To address some of the partiality concerns and facilitate the fulfilling of the ‘gravity’ requirements, the ICC’s involvement in Ukraine can be extended to cover the conflict in its entirety. This could be done by a temporal extension of the referral either by the Ukrainian government or by a UN Security Council resolution, which, however, is unlikely because of the Russian veto there.
This brings us to one of the more complex issues the ICC would have to face: the (direct or indirect) Russian involvement in the conflict. It is unclear what stance Russia would take on an ICC investigation. On the one hand, it is possible that Russia would be hesitant as it might subject the pro-Russian rebels to international legal scrutiny and expose potential Russian assistance to them. The Russian veto of a Security Council resolution referring of Syria to the ICC is not a promising precedent. On the other hand, some commentators have argued that there are grounds for optimism. In the Georgia situation, where the ICC conducted a preliminary investigation after a short Russo-Georgian war in 2008, the Russian government did not openly oppose the ICC’s involvement, claiming that it did not break any laws and therefore did not fear legal scrutiny. Russia might take a similar stance in Ukraine. In the end, as for many other countries, the Russian willingness to cooperate with the ICC will mostly be determined by how it serves the country’s self-perceived national interests. It is therefore hard to predict whether Russia will walk the ‘Georgian’ or the ‘Syrian path’.
The ICC may also face its own dilemmas in dealing with the Ukrainian crisis, linked to the Court’s underlying weaknesses. Russian non-cooperation, coupled with expected resistance by pro-Russian separatists, wouldunderscore a key problem the ICC is already facing: its powerlessness in the face of insufficient state cooperation. There is little chance that the ICC would be able to secure the arrest of suspects who flee to Russia if the country does not cooperate. In addition, in order to maintain a reputation of impartiality, the ICC would have to seriously consider prosecuting Ukrainian government officials for war crimes. It is worrying, then, that previous experiences have shown that governments are reluctant to cooperate in prosecuting their own officials, sometimes even threatening to end cooperation with the ICC. The Court might thus face an impossible dilemma: either risk being perceived as partial or risk a loss of state cooperation.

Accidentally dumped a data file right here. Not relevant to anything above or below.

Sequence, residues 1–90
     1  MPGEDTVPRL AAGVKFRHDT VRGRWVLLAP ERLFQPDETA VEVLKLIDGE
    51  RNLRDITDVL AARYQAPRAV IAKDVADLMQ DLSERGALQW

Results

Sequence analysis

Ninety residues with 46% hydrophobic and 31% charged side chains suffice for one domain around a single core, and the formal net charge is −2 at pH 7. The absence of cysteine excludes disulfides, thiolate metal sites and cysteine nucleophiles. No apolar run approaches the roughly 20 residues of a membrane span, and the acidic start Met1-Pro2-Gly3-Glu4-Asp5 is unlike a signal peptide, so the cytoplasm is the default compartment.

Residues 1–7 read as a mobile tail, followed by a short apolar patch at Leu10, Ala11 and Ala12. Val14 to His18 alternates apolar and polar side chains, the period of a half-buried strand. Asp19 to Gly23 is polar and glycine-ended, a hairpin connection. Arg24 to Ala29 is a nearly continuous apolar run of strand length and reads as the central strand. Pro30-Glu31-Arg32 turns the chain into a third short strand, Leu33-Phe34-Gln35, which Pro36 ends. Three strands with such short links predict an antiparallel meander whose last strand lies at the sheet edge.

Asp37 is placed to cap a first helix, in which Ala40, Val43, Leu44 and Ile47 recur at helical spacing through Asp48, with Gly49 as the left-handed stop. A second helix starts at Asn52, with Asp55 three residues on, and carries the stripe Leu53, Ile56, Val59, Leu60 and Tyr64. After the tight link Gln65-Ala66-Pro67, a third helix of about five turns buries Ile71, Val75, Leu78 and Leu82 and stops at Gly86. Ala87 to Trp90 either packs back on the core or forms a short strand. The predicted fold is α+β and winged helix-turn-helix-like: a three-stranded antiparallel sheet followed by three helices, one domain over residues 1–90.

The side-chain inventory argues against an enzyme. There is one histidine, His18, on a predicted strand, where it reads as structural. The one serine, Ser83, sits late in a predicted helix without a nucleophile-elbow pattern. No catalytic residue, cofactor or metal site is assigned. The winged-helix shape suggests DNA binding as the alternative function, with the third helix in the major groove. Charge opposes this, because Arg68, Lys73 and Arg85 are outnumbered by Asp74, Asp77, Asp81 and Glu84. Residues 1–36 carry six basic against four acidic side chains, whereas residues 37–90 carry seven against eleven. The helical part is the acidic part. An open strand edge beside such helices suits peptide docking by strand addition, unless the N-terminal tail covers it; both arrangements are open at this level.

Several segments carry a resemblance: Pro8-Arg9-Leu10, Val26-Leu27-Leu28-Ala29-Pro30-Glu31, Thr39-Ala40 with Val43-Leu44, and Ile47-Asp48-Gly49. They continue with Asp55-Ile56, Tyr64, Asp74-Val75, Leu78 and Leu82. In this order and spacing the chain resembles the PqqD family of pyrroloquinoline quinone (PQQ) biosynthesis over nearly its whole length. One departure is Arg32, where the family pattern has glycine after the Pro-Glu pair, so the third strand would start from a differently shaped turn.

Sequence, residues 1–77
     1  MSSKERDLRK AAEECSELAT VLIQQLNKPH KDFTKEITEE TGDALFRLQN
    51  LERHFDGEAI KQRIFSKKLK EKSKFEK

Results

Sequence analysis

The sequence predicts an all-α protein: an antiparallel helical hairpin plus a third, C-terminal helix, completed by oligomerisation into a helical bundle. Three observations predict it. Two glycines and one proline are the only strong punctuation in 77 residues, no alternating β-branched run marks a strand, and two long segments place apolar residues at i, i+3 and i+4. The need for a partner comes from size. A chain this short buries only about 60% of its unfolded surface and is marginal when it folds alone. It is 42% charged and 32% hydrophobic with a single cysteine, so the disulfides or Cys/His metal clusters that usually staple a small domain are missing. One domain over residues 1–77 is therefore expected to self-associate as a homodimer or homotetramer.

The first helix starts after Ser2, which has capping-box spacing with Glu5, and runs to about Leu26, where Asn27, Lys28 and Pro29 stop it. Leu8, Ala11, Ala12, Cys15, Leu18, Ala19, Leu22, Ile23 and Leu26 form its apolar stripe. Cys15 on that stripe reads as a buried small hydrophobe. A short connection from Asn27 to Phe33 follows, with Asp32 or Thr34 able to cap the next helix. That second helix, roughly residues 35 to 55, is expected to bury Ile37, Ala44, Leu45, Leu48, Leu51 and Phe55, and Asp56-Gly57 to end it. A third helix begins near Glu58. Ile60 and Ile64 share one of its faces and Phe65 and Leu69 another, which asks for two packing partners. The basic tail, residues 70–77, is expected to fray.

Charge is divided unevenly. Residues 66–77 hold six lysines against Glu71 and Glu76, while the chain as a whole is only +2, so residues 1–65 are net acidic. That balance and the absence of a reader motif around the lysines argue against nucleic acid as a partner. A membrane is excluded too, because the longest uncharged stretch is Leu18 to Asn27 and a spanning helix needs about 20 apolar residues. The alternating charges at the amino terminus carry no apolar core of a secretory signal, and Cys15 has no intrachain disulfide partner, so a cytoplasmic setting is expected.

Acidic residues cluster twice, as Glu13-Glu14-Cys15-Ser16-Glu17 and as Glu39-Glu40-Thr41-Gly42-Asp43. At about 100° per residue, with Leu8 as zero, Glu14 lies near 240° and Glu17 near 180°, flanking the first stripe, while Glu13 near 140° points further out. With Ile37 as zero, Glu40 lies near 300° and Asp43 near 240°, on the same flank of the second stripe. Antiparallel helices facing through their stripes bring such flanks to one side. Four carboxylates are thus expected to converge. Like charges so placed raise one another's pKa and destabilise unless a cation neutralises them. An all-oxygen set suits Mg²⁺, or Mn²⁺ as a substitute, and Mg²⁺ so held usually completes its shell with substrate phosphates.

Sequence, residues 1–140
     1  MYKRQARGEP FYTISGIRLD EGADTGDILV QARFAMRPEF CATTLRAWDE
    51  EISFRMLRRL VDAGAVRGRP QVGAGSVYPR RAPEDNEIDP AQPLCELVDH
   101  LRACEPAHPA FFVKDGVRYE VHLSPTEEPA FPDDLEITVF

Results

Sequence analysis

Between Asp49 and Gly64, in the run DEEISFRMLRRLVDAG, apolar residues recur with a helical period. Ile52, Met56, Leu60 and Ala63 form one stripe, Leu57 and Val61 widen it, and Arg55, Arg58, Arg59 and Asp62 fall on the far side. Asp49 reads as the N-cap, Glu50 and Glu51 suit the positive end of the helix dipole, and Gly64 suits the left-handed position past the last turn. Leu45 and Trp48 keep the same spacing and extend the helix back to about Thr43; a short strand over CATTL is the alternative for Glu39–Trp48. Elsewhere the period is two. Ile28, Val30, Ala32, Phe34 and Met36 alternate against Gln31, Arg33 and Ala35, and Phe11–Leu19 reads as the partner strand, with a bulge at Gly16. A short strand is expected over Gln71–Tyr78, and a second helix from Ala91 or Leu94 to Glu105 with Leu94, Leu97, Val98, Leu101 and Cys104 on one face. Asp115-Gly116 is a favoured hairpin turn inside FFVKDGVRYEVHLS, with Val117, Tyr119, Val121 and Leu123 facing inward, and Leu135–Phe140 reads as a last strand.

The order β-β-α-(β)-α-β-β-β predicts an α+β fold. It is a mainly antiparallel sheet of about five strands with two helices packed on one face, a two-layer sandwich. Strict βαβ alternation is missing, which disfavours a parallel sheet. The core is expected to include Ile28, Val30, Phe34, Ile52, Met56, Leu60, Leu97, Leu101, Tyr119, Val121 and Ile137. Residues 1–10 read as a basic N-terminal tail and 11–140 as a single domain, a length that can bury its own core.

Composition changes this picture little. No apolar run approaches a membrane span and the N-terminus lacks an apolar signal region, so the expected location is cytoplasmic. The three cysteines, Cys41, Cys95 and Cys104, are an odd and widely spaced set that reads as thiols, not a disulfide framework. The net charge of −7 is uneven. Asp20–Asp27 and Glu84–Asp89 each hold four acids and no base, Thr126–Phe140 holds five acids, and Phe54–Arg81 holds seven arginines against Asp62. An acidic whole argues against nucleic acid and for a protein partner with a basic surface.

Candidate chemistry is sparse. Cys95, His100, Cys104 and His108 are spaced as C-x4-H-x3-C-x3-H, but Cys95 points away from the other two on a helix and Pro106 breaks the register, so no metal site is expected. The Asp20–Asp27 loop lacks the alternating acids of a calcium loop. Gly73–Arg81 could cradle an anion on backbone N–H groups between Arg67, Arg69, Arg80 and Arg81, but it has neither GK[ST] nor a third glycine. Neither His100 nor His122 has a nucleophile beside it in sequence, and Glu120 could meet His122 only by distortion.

The limited opportunities for a successful pursuit of international criminal justice, might prompt Ukraine to consider alternative mechanisms for post-conflict reconciliation. The Minsk II-accord included amnesties for all those involved in the fighting. Although amnesties can sometimes contribute to a peaceful transition, granting blanket amnesties to all involved would seriously undermine the prospects of justice for the victims of the conflict,not least for the 298 people who died in last July’s downing of the civilian airliner MH17. In the end, it is up to the Ukrainian people (not just its government) to decide how to obtain a just and successful transition to peace. In the meantime, the ICC can show a willingness to play a constructive role in assisting the Ukrainian people in achieving this goal by signaling more clearly its intentions with the preliminary investigation. An active stance might also serve the Court’s own interests: ICC involvement could offset some of the current accusations that the Court is biased towards Africa, which has decreased the ICC’s perceived legitimacy, especially in Africangovernment circles. Regardless of the mechanisms chosen, however, in order to facilitate justice for survivors it is imperative that human rights monitors or government officials make concerted and sustained attempts to collect evidence of alleged crimes. In this way, crucial evidence will not be lost and the possibility of (international) criminal justice processes remains alive.
* I wish to thank Dr. Eamon Aloyo, Mark Bailey, and Dr. Aaron Matta for their helpful comments on earlier drafts of this commentary.